M&A Trend In 2008

In the first financial quarter of 2008, a steady trend in M&A activity is patent. The weak dollar, the economic slowdown, banks’ lack of liquidity, or the motivation to add shareholder value are all viable reasons for the trend in M&A activity. Some corporations, in 2007, projected M&A to remain strong until, “private-equity buyers pushed up target prices too high and economic growth slow[ed].” [1] A New York investment bank for media and information industries tracked buyouts in the media world for the first quarter of 2008 and reported 202 transactions that had a total value of $13.4 billion. [2] This figure is in no way a cap on the total dollar value of all M&A activity in the first quarter since the $13.4 billion represents only M&A activity in the media and information industries.

 

M&A Trend In the Second Quarter

 

The second quarter of 2008 has seen some great potential in M&A activity. For example, a three-week deadline to Yahoo! given by U.S. giant software maker, Microsoft could result in the largest acquisition so far in the technology industry. [3] Microsoft believes that its proposal, which initially represented a 62 percent above Yahoo!’s share premium is the best step for both companies as well as a great way to add shareholder value. [4]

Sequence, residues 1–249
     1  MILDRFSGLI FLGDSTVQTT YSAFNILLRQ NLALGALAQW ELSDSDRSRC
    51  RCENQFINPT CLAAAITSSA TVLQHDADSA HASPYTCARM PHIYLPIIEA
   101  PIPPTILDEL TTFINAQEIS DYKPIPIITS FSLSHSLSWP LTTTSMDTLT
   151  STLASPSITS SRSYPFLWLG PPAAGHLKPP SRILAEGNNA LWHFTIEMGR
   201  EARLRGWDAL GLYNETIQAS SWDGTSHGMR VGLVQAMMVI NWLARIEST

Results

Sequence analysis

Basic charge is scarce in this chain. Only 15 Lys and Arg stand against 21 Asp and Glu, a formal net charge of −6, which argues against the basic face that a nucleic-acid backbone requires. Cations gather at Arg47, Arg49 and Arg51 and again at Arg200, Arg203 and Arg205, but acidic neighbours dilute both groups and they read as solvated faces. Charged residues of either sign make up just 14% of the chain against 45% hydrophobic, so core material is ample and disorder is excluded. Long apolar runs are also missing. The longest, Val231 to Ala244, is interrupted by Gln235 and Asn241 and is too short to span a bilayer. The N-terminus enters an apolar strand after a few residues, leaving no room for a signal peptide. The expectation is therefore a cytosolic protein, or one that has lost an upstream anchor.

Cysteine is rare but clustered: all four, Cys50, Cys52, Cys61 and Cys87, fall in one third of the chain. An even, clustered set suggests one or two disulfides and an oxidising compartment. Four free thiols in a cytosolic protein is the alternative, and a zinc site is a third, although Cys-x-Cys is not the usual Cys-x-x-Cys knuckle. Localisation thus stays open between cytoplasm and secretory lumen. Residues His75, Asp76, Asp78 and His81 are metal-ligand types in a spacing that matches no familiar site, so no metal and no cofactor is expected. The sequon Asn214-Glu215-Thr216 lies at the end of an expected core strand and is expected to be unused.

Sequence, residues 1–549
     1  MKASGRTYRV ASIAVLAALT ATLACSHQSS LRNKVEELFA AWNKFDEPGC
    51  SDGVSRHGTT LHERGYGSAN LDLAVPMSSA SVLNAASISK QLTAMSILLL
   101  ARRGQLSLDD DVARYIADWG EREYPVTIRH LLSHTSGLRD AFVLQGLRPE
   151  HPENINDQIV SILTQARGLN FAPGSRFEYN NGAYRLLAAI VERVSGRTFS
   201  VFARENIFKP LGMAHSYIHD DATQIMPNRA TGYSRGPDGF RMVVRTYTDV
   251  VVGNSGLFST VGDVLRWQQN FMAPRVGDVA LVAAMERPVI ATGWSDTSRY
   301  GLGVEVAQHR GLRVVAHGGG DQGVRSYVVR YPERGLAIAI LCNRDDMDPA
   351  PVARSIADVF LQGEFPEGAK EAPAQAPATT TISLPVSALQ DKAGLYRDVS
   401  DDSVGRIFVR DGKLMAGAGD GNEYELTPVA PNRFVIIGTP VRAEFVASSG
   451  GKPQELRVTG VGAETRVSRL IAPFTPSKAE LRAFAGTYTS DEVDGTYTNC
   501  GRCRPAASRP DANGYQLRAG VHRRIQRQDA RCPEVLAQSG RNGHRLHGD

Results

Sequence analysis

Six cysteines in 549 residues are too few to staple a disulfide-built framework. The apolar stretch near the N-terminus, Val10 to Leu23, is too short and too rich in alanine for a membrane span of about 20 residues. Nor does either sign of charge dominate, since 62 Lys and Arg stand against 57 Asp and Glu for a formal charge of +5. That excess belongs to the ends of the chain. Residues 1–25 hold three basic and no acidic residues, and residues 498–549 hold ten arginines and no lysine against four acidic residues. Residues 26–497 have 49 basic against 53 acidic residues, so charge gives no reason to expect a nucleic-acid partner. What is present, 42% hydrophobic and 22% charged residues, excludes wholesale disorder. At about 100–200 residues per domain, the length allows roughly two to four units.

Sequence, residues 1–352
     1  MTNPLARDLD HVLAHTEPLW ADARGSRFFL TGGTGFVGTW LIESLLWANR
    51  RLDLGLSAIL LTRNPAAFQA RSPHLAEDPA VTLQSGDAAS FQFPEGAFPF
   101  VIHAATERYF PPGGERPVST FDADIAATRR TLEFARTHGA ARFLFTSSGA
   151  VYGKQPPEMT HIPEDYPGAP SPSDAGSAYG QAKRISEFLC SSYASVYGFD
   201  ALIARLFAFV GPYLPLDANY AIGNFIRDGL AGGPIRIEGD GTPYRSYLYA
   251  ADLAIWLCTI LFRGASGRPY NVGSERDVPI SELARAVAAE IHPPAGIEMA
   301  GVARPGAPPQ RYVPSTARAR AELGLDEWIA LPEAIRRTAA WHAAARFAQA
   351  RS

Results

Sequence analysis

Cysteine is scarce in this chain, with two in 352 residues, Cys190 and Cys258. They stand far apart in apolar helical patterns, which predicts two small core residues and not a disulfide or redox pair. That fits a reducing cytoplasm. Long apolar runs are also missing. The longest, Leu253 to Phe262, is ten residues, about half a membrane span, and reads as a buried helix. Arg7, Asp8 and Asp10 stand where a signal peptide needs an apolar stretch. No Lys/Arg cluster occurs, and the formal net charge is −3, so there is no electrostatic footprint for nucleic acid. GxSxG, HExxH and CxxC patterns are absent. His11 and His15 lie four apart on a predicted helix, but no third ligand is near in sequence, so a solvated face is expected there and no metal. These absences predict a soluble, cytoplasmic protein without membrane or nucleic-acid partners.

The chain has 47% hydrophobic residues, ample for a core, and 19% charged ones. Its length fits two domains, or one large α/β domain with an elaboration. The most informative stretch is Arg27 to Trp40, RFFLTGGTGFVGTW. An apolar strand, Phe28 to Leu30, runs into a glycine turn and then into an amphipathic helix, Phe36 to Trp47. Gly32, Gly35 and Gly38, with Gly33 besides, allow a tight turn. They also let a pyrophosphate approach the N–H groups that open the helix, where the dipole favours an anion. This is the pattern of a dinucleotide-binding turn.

Another interesting M&A development is Discover Financial Services LLC’s (DFS) agreement to acquire Diners Club International Ltd, a provider of credit card services from Citigroup Inc. for $165 million. [5] DFS, an Illinois corporation, is a credit card issuer and an electronic payment services company. Discover’s CEO said he expects the deal to eventually boost dollar volume and increase payment services segment’s revenue by 60 percent. [6] The deal also comes as Discover hopes to increase their presence abroad and among big corporate spenders. [7] This deal represents acute business savvy because Discover will not only increase its revenue and market share but it will also create synergies that did not exist as an independent company.

As initially stated herein, M&A activity can be attributed to liquidation problems within a bank. Although Bear Sterns CEO Alan Schwartz attempted to dispel any notion that the company had any such problem, the financial facts spoke in the contrary. It was no surprise that a few days after, JP Morgan Chase acquired Bear Sterns for a mere $2 a share, representing less than one-tenth the firm’s market price. [8] Liquidity problems can significantly impair a company’s operation to the extent that it will make business sense for that company to want to become a target-company. The Bear Sterns problem is attributed to the huge financial investment losses linked to mortgage-backed securities. [9] However, that issue is beyond the scope of this article.

Legal Implications

 

As intricate as most, if not all, M&A deals are; corporate executives are vested with a fiduciary obligation to make sure that their proposed and/or accepted deals are in the best interest of the company. In other words, the law goes so far enough as to impose on each corporate executive a duty of good faith and fair dealing based upon a reasonably informed judgment. [10]